In essence, the slow formation of the government could have been its demise. While it may be on safe ground for now, critical tests are yet to come and sectarian and political differences have not disappeared. This could eventually lead to a loss of public trust if citizens’ concerns are not taken into account.
Results for Category: Governance
It can be said that Bouteflika came to and stayed in power with the support of the military. Over the next two decades, he was able to reduce the military’s influence and increase the power held by the presidency. Perhaps ironically, the large-scale rejection of his candidacy for a fifth term has once again given the military control of power in Algeria.
The amendments include an extension of the presidential term to six years, which means al-Sisi, whose current term was due to end in 2022, can now stay in power until 2024 plus another six years if he is reelected. A 180-member Shura Council (senate) will be reinstated, of which a third of the members will be directly appointed by the president.
One of the first regionally significant missions was to help to establish Hezbollah in Lebanon in 1982 after Israeli invasion. The Quds Force provided essential assistance for the creation Hezbollah which developed into the most powerful organization in Lebanon and a powerful ally of Iran. In recent years, the Quds Force has operated in many other countries like Syria and worked with other sub-state actors such Houthis in Yemen and Hamas in Palestine.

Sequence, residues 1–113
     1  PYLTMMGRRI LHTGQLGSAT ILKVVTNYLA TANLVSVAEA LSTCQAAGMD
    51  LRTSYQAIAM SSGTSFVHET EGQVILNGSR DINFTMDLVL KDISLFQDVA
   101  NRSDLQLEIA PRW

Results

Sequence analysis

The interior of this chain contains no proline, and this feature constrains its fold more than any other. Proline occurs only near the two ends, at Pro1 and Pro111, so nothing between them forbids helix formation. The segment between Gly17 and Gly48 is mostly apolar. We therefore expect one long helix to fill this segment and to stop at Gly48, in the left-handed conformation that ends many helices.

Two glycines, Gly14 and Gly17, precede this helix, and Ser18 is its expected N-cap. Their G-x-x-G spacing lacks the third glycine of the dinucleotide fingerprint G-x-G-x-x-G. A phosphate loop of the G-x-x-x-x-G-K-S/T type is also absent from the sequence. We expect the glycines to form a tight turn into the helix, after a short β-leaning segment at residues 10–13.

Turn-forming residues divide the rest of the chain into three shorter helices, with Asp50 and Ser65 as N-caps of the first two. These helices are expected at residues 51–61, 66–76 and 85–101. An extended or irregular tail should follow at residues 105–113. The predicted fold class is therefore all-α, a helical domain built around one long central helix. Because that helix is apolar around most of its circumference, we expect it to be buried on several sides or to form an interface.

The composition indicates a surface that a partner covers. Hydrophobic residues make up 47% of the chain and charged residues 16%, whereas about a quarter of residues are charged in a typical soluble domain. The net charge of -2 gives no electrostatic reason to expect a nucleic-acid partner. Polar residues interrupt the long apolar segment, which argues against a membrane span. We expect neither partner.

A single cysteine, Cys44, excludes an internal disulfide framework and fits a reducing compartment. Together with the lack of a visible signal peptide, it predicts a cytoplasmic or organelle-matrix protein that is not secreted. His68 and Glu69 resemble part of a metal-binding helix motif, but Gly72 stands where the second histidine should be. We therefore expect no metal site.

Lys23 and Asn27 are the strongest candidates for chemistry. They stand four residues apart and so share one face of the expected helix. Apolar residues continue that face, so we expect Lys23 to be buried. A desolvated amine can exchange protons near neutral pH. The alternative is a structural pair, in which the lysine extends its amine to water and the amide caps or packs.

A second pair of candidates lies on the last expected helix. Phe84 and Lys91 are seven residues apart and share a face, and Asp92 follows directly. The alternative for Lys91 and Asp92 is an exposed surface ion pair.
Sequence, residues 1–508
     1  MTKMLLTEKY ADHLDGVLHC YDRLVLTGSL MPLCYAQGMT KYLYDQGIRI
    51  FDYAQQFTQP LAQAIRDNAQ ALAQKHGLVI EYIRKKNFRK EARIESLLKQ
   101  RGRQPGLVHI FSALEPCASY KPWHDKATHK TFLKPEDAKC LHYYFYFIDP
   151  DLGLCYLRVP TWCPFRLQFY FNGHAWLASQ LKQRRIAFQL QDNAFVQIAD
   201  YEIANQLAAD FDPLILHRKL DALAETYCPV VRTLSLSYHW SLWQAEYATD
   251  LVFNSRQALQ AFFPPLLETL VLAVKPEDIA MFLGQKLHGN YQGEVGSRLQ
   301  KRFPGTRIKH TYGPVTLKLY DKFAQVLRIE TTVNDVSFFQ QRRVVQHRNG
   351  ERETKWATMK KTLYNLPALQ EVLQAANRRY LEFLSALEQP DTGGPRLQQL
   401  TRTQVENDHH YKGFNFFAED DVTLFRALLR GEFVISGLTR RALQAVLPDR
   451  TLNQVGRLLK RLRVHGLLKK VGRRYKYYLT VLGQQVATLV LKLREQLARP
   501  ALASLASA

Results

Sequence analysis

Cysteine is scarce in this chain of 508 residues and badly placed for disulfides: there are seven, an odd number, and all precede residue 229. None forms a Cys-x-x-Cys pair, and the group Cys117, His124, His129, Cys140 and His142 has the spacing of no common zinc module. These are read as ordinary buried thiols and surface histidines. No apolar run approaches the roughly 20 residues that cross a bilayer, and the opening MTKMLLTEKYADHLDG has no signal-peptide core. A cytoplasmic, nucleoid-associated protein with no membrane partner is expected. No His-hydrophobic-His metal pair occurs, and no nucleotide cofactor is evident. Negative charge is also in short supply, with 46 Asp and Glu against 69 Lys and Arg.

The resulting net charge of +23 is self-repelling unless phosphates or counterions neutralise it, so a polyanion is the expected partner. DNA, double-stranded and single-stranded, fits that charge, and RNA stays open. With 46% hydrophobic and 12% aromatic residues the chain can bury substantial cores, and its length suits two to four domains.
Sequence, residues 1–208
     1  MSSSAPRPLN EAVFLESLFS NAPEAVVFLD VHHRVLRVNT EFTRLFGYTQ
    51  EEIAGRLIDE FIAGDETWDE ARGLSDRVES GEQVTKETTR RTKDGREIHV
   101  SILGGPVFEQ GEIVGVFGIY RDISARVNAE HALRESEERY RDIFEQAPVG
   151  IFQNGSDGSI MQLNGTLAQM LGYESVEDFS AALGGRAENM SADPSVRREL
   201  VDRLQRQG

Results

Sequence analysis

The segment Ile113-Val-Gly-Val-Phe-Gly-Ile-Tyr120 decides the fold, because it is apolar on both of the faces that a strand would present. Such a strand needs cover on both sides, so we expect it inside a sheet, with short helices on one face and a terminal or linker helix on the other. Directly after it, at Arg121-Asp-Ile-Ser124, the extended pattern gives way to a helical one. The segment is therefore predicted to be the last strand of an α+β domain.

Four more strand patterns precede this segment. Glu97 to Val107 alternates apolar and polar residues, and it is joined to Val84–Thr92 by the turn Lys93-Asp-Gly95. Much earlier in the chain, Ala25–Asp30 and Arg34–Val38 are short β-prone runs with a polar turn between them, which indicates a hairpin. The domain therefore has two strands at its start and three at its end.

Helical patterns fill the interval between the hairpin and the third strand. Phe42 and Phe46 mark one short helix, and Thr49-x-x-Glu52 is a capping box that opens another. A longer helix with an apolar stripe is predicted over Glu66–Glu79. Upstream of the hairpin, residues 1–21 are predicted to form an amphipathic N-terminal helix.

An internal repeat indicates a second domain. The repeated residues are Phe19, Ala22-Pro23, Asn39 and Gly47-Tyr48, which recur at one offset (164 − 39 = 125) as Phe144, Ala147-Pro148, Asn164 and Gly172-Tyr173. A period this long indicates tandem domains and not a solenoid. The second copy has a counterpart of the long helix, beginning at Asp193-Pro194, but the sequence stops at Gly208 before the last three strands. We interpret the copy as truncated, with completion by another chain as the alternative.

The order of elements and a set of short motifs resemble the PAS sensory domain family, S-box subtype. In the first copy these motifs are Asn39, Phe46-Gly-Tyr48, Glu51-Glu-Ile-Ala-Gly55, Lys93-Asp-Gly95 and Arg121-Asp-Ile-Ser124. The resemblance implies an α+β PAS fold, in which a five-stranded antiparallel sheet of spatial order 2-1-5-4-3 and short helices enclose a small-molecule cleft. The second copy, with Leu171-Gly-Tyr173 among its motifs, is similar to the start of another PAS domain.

While neither the presidency nor the Ministry of Defense provided any official explanation for the dismissals, local media outlets, observers and opposition figures have increasingly linked the wave of replacements to the 2019 presidential elections, the cocaine affair and Bouteflika’s attempts to counter the widespread corruption within several state institutions or the clash of clans within the strongly fragmented Algerian regime.
Voters now seem to have had enough. The low turnout in Tunisia’s first local elections, held in May 2018, falling from more than 90 per cent in 2011 to 66 per cent in 2014 to only 33.7 per cent of registered voters, might be a bad omen. This should arguably be a bigger concern than the future of Nidaa Tounes.